Monday, February 16, 2009

Revising or Re"vision"ing?

I think Evan's post goes a long way toward explaining why the oft-derided "historical revisionism" isn't always bad. But I would like to make some caveats to his points.

First, I think most of what Evan talks about in terms of the accessibility of information and the role of technology has less to do with "historical revisionism" as it is traditionally thought of, and more to do with revising facts. Revising happens constantly, and insofar as it is done accurately it is almost always a good thing. Technology (both social and material) like wikis accomplish this by broadening the sources of information and incentivizing those sources to be self-policing. Who shot first in South Ossetia? How many Palestinians did Israel kill? How many middle age white males voted for Obama? These are facts that should go through as much revising as it takes to get to the cold, hard, truth.

But historical revisionism is very different - and I think it hinges on a new "vision" of what the history of a situation was, rather than a revising of the facts about that history. For example - when Charles Beard challenged the idea that our founding was the culmination of an Enlightenment experiment in liberty. Or when the story of the Civil War gets written as a war over slavery... or the tariff... or states rights. The facts of the 1860s haven't changed substantially (although certainly we do still revise those facts) - but the meaning of those facts does change - and that change is what I tend to think of as "historical revisionism".

Now, having said all that and having distinguished between two strands that I think Evan talks about simultaneously (revising and revisioning), I would definitely still agree with Evan's assertion that "historical revisionism" isn't always all that bad. After all - as Evan says, much of our historical memory is derived from the memories of those who actually experience the history. And if that memory is tainted or distorted to begin with, then perhaps some historical revision is in order.

I'll close by drawing attention to a recent historical revisionism fad - claiming that the New Deal didn't work or was counterproductive. A chief culprit in this school is Amity Shlaes, of the Council on Foreign Relations . Now, I haven't read her book - but I have read her articles and reviews of her book, and she provides a new vision of the New Deal by assuming:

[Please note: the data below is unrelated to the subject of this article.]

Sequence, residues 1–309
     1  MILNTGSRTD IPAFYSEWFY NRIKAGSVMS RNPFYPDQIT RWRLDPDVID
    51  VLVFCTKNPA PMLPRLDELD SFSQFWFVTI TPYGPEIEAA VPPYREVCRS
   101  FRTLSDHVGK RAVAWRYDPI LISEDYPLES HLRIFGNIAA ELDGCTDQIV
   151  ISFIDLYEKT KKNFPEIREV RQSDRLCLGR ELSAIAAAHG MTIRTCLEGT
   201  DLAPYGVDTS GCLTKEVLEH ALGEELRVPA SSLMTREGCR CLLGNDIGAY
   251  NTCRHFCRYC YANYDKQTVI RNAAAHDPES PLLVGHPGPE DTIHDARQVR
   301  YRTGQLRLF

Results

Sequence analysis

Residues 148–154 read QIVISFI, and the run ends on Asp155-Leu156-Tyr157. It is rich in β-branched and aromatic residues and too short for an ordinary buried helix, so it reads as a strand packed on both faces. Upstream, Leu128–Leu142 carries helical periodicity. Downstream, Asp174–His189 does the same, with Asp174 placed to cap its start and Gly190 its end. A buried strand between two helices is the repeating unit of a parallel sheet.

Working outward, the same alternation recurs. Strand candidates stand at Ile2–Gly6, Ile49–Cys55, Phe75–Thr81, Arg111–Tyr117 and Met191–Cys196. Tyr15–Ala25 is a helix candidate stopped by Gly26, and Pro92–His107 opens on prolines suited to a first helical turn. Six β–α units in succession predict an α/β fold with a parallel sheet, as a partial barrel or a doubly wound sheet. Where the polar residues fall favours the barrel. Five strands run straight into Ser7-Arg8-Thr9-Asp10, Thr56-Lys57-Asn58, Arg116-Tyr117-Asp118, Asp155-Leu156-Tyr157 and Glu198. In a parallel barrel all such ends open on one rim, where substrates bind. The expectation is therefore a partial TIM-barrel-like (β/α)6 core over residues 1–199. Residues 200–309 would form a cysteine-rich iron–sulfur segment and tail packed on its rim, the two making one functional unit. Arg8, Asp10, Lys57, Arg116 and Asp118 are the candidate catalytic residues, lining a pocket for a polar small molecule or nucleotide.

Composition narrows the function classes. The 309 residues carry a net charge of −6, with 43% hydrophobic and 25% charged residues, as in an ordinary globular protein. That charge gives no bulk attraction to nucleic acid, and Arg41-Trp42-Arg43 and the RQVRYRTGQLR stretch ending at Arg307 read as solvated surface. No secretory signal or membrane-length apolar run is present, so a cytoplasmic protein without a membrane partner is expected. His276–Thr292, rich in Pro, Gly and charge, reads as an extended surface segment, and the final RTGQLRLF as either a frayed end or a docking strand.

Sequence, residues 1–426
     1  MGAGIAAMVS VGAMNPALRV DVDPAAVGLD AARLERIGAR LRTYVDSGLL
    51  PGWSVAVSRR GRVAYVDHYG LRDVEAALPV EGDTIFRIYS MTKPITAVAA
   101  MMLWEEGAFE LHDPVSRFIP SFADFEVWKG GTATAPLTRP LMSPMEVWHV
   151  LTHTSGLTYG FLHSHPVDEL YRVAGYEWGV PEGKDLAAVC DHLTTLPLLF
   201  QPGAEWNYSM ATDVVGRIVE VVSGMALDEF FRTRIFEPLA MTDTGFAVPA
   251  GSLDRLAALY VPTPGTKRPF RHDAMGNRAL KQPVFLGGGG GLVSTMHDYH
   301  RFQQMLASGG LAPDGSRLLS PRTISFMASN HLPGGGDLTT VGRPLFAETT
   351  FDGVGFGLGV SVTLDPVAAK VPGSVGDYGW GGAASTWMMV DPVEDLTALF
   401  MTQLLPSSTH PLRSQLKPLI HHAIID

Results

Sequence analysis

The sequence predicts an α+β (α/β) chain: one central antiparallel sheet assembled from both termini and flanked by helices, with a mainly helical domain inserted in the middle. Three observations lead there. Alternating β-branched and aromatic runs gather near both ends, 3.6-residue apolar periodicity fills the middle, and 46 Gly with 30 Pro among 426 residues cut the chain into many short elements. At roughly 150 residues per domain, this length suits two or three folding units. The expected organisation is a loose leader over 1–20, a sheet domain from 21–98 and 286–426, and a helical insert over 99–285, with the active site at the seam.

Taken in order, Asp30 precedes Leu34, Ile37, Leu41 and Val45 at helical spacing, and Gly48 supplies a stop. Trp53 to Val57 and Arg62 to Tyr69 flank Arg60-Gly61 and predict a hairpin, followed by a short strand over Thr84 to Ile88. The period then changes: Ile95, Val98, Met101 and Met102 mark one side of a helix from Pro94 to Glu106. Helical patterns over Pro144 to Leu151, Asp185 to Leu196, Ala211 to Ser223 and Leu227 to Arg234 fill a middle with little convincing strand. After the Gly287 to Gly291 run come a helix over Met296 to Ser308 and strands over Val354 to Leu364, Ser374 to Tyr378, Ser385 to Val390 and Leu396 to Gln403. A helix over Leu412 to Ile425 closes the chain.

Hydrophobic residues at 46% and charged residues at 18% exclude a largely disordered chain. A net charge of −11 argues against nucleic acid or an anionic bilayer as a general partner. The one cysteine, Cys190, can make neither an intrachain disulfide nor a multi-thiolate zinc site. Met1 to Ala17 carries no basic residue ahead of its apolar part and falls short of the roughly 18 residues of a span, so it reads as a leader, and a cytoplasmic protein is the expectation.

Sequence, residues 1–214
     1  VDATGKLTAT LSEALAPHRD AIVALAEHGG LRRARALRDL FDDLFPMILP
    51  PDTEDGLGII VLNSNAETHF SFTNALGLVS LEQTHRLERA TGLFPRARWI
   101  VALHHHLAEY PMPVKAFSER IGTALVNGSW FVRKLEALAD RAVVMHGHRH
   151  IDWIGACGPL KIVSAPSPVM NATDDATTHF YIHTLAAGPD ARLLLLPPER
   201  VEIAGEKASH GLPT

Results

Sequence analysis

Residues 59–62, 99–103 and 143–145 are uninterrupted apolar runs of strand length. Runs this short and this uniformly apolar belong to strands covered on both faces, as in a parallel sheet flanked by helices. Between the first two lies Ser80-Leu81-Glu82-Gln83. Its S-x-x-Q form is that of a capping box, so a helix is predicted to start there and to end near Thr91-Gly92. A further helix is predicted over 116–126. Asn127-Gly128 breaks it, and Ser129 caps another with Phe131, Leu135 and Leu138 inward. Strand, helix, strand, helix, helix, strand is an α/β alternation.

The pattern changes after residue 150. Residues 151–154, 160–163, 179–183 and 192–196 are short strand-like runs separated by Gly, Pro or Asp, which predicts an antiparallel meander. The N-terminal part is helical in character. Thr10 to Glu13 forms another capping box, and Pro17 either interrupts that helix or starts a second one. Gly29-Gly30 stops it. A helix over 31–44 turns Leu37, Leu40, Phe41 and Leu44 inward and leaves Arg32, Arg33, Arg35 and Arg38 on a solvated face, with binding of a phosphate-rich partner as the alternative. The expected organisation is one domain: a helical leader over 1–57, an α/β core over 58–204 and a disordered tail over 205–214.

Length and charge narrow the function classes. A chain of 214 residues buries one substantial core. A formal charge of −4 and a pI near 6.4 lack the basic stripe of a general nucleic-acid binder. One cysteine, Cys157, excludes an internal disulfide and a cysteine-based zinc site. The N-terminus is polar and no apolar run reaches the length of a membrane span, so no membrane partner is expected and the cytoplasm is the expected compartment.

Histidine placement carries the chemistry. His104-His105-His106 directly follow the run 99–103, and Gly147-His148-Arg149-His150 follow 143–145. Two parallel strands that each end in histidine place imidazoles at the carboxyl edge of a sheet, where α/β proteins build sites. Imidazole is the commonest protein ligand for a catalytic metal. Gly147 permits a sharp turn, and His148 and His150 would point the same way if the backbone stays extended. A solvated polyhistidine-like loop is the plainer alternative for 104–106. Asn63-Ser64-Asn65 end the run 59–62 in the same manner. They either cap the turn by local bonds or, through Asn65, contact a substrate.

1.) Work program jobs aren't actually jobs

2.) The Dow Jones is the best indicator of economic strength (despite the fact that the Dow Jones is an index of the price of a handful of products - in this case, corporate stocks) rather than GDP, which is a measure of all products.

3.) Don't include the defense budget in federal spending, even thought it was the single biggest components of federal spending in the 40s, and

4.) Pretend that the brief, sharp downturn in 1937 was a result of the deficit spending of 1933-36 and not the budget balancing of 1937.

It is one thing to "revision" the past by ascribing new meaning to old facts. For example, if (God forbid) the United States ever does turn into a socialist state, historians will probably reevaluate Roosevelt as the founding father of that slow march to socialism, and will probably revision the New Deal as the first American "five year plan". If we slip into socialism, that characterization may or may not be accurate. I feel that as long as they get the facts right, ascribing significance to those facts based on the current context of the times is reasonably fair. We know the scientific revolution was a success and not a real challenge to the Church because of the perspective we have. A Vatican historian in the 1600s might not have known that, so our "revision" of that history is appropriate given the information we're privy to.

But what Shlaes and others are doing is not providing a new vision to frame old facts. They are fundamentally changing the facts themselves. I think this is where historical revisionism is the most dangerous - when the past is forced into a certain mold, not because of the new context or information that future generations have - but because new generations have new ideological imperatives to make it fit the new mold.

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